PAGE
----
Report: Slight improvement, bu

Report: Slight improvement, but SA still ‘very corrupt bunch’

2019 Corruption Perceptions Index shows SA still has a long way to go. Political party funding is a big concern.

Report: Slight improvement, bu

The bad news is that in South Africa we’re still a very corrupt bunch. The good news is that we’re marginally less corrupt than we were this time in 2019.

That is the essence of the 2019 Corruption Perceptions Index, released this week by Transparency International, the global coalition against corruption. 

South Africa has improved marginally from a score of 43 in 2018 to 44 in 2019. The higher the score, the less corrupt a country is perceived to be.

We still have a serious corruption problem 

However, this still places SA squarely amongst countries deemed to have “a serious corruption problem, and to not be doing enough in their anti-corruption efforts”, SA-based Corruption Watch said in a statement. Corruption Watch is a non-profit organisation dedicated to fighting corruption in the country.

The Corruption Perceptions Index, considered to be the leading global indicator of public sector corruption, ranks 180 countries and territories by their perceived levels of corruption in the public sector according to experts and business people. It uses a scale of zero to 100, where zero is highly corrupt and 100 is very clean.

The average score on the index is 43. This makes SA now slightly better than average. 

Corruption Watch executive director speaks out

Corruption Watch executive director David Lewis said despite the improvement there was still little to celebrate as the country continued to have a serious corruption problem.

“The failure, after a year, to bring the Political Party Funding Act into operation does little to inspire confidence in the strength of government’s will to tackle corruption,” Lewis noted.

“In addition, the South African public has made it clear that until there is visible progress in prosecuting those responsible for corruption and until there is visible improvement in the ability of state-owned enterprises to deliver their vital services, government’s promises to combat corruption will not be trusted.”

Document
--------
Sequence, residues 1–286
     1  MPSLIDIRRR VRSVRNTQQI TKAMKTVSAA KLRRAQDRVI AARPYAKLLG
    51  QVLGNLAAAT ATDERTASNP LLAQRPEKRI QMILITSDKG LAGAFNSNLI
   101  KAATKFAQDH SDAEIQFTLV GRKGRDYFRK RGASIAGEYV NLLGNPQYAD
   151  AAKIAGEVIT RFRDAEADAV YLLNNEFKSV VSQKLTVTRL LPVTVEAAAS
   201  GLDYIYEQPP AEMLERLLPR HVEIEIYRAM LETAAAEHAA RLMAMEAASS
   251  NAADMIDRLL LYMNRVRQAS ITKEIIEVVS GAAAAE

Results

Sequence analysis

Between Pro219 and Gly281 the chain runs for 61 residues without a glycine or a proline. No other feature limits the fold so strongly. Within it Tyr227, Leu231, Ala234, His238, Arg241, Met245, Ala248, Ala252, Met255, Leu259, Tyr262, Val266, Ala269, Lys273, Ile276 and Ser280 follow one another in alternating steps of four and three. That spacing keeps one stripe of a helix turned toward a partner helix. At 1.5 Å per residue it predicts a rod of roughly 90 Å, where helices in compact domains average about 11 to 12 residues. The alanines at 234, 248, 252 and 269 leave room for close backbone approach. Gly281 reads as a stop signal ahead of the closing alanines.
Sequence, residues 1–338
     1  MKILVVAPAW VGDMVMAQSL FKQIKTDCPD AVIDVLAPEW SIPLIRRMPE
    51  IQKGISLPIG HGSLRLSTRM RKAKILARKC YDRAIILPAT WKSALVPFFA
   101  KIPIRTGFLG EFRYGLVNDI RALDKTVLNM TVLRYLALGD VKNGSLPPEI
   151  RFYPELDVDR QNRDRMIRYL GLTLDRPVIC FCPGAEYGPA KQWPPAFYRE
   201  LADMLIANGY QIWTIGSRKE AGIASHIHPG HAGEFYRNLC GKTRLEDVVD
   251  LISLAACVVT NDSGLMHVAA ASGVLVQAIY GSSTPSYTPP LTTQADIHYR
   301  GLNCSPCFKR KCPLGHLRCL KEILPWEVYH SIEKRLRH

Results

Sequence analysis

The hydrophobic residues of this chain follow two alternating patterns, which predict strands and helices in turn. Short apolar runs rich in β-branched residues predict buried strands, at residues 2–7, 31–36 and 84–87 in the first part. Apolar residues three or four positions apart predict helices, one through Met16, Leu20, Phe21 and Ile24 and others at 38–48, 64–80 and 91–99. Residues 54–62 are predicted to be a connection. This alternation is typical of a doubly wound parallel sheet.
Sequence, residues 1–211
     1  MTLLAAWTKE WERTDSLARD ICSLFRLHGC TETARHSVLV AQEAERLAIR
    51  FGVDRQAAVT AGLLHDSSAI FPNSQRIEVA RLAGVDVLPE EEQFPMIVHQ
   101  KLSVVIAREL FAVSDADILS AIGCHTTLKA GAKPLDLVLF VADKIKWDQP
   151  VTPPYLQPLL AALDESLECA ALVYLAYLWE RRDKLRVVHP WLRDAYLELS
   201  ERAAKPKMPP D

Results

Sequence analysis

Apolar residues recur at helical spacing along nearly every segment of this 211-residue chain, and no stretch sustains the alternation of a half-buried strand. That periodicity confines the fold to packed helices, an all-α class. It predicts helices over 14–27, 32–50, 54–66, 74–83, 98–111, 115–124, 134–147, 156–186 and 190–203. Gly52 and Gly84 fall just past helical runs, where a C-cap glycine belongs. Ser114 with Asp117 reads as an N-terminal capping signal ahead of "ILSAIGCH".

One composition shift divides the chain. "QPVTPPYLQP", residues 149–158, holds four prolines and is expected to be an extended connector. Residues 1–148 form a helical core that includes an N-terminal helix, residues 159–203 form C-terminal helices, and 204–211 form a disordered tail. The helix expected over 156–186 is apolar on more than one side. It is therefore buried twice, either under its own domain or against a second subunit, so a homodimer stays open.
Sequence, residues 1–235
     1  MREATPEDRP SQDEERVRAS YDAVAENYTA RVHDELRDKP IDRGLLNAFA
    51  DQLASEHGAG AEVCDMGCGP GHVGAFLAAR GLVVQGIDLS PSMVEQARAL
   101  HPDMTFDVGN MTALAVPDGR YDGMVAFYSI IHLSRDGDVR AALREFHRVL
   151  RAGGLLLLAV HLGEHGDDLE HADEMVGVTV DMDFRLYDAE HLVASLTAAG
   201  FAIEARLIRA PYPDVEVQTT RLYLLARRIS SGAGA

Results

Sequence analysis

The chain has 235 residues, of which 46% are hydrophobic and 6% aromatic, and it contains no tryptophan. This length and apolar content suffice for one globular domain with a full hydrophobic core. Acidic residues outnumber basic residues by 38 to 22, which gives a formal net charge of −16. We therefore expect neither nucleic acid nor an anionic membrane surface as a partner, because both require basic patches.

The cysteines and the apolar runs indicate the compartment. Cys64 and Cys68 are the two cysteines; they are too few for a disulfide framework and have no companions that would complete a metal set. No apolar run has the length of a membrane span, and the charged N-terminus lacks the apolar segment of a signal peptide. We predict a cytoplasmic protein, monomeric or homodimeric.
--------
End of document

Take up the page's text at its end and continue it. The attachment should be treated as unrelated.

Corruption Watch said this year’s report highlights the importance of the relationship between money, political power and corruption. Further analysis shows how corruption is more pervasive in countries where big money can flow freely into electoral campaigns. 

Stronger enforcement of campaign finance regulations

Those better-performing countries on the index tend to have stronger enforcement of campaign finance regulations, while conversely those countries with lower scores either lack such regulating mechanisms, or, where they do exist are not sufficiently enforced. 

“Parliament passed South Africa’s Political Party Funding Act in January 2019, but the president has yet to bring the Act into operation. Unless there is a clear demonstrated political will to enforce key measures and legislation regulating political party funding, as well as to hold internal party members accountable, the perception remains that the country is not doing enough,” Corruption Watch said in its statement. 

Africa’s corruption vs global corruption

As in previous years, sub-Saharan Africa is the lowest-scoring region on the CPI, with an average of 32.

The least corrupt country in Africa is Seychelles (a score of 66). The most corrupt country in Africa is Somalia (a score of 9). Somalia is also rated the most corrupt nation in the world.

Globally, the least corrupt countries are Denmark and New Zealand (joint 1st). 

Five least corrupt countries in Africa (the higher the score, the less corrupt):

  • Seychelles 66
  • Botswana 61
  • Cape Verde 58
  • Rwanda 53
  • Mauritius 52

Seven most corrupt countries in Africa (the lower the score, the more corrupt):

  • Somalia 9
  • South Sudan 12
  • Sudan 16
  • Equatorial Guinea 16
  • Libya 18
  • Guinea Bissau 18
  • DRC 18

View the full 2019 Corruption Perceptions Index from Transparency International here.